“There aren’t enough new cars,” read the title of a recent Bloomberg report. Auto factories haven’t been able to keep up with the rebound in consumer demand.

It’s a sentiment other manufacturing industries are echoing as well.

That’s because of a double-whammy impact.

First, the pandemic shuttered plants and wreaked havoc on supply chains across the world. That depleted inventories of various goods like cars, smartphones … even washing machines and refrigerators.


Now there’s a wave of pent-up demand being unleashed across the globe.

Thanks to this combination of low inventories and rising demand, global trade is surging.

For example, just the Port of Los Angeles saw record import volumes during October … 29% higher than a year ago.

Other metrics linked to global trade are also rocketing higher.

Shipping giant Maersk (OTC: AMKBY) reported a 4.4% gain in average freight rates this past quarter relative to last year. Seems like a small number, doesn’t it? But that percentage helped drive an 83% increase in the company’s quarterly profit.

Also in high demand are things that help move goods, as Ted talked about yesterday in his email to you and in the January 2021 Bauman Letter report, we show readers a unique way to position themselves for profits from this trend … click here to learn how you can read the January issue of The Bauman Letter.

In the U.S., orders for big rig Class 8 trucks rose to nearly 52,000 units during November. That’s 197% higher than a year ago!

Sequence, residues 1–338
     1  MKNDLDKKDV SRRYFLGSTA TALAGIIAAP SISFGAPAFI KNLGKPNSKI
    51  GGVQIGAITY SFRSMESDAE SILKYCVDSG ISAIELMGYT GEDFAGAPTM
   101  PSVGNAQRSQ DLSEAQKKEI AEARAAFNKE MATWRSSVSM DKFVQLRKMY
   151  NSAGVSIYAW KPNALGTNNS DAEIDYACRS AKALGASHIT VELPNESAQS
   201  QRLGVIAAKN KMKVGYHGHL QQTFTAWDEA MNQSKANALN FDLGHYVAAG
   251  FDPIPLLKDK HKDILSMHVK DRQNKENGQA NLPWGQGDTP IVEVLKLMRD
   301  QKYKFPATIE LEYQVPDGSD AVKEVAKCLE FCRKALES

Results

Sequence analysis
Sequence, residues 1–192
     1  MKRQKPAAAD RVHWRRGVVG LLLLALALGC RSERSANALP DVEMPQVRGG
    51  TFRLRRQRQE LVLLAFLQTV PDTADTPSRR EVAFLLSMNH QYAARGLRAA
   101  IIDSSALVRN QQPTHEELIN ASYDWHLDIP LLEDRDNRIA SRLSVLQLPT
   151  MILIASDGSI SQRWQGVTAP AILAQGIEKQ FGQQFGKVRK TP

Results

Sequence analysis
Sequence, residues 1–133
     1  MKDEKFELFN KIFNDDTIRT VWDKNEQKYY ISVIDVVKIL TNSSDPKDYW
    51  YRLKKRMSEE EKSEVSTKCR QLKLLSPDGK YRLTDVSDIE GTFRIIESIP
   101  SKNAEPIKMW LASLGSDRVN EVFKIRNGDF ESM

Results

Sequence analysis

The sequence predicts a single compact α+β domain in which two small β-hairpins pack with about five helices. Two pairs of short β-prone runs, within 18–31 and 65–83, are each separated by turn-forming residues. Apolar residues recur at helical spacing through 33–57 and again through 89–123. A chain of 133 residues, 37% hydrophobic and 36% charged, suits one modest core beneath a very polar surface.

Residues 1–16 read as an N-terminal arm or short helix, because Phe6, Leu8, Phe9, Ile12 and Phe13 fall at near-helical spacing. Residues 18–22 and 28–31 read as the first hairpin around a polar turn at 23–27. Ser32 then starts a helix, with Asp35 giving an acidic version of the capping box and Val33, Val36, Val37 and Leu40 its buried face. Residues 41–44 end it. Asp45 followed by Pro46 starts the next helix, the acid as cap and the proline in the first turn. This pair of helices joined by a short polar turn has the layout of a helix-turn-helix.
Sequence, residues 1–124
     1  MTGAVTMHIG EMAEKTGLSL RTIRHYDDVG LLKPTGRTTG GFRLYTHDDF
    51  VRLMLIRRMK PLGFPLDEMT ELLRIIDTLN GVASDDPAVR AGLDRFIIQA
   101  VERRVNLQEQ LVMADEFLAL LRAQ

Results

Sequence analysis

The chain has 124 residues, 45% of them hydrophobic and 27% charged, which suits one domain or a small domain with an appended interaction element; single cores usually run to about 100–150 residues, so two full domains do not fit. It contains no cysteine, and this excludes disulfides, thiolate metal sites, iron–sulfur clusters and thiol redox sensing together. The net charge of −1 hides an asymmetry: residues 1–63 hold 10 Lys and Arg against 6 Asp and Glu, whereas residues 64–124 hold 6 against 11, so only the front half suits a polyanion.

Lesser-known corners of the network that facilitate global trade have seen a dramatic rise as well … like the cost of containers.

Just when you thought tech stocks were this years’ big winners, consider the price to ship a container from China to the U.S. East Coast.

It now stands at $4,960.

That’s the highest on record … up 90% since the start of the year … more than twice the return of the Nasdaq 100 Index.

See this craziness for yourself in the chart below.

Transpacific Container Rate 2019-2020

The big question is: Will this trade boom continue?

After all, the inventory restocking boost will eventually run its course.

The good news is there are several strong tailwinds to keep global trade buoyant well into 2021.

Here’s a particularly strong one.

Trillions More in Stimulus Spending

As a second wave of COVID-19 hammers the world, governments are deploying massive amounts of stimulus:

  • Japan recently approved $700 billion in its third round of stimulus just this year.
  • The European Union recently passed a $2.2 trillion budget that contains additional stimulus funds.
  • The European Central Bank is expanding its bond-buying program by $600 billion in a bid to keep interest rates low and boost the economy.

The U.S. contribution to more stimulus is still undecided.

Regardless, consumer forces and massive amounts of stimulus spending will keep the global trade pipes flowing well into 2021.

One way you can profit from this trend is with export-driven countries and companies held in the Vanguard FTSE Pacific ETF (NYSE: VPL).

Another is the unusual investment opportunity Ted and I presented to The Bauman Letter subscribers. You can find more information about accessing that report here.

Best regards,

Turn Your Images On

Clint Lee

Research Analyst, The Bauman Letter